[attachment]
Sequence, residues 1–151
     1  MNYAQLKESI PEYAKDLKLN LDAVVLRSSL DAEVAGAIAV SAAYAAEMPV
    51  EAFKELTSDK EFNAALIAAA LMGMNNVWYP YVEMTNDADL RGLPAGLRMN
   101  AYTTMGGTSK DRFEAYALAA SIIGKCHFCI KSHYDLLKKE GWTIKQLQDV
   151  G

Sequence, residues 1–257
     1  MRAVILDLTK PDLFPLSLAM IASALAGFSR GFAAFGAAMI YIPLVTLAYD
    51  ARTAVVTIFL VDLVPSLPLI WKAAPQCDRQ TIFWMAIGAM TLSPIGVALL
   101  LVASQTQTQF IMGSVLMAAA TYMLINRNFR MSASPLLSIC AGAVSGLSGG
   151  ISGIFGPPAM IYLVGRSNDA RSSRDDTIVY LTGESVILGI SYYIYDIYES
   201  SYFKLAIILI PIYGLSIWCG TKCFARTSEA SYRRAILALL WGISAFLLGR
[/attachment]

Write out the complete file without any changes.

Sequence, residues 1–151
     1  MNYAQLKESI PEYAKDLKLN LDAVVLRSSL DAEVAGAIAV SAAYAAEMPV
    51  EAFKELTSDK EFNAALIAAA LMGMNNVWYP YVEMTNDADL RGLPAGLRMN
   101  AYTTMGGTSK DRFEAYALAA SIIGKCHFCI KSHYDLLKKE GWTIKQLQDV
   151  G

Sequence, residues 1–257
     1  MRAVILDLTK PDLFPLSLAM IASALAGFSR GFAAFGAAMI YIPLVTLAYD
    51  ARTAVVTIFL VDLVPSLPLI WKAAPQCDRQ TIFWMAIGAM TLSPIGVALL
   101  LVASQTQTQF IMGSVLMAAA TYMLINRNFR MSASPLLSIC AGAVSGLSGG
   151  ISGIFGPPAM IYLVGRSNDA RSSRDDTIVY LTGESVILGI SYYIYDIYES
   201  SYFKLAIILI PIYGLSIWCG TKCFARTSEA SYRRAILALL WGISAFLLGR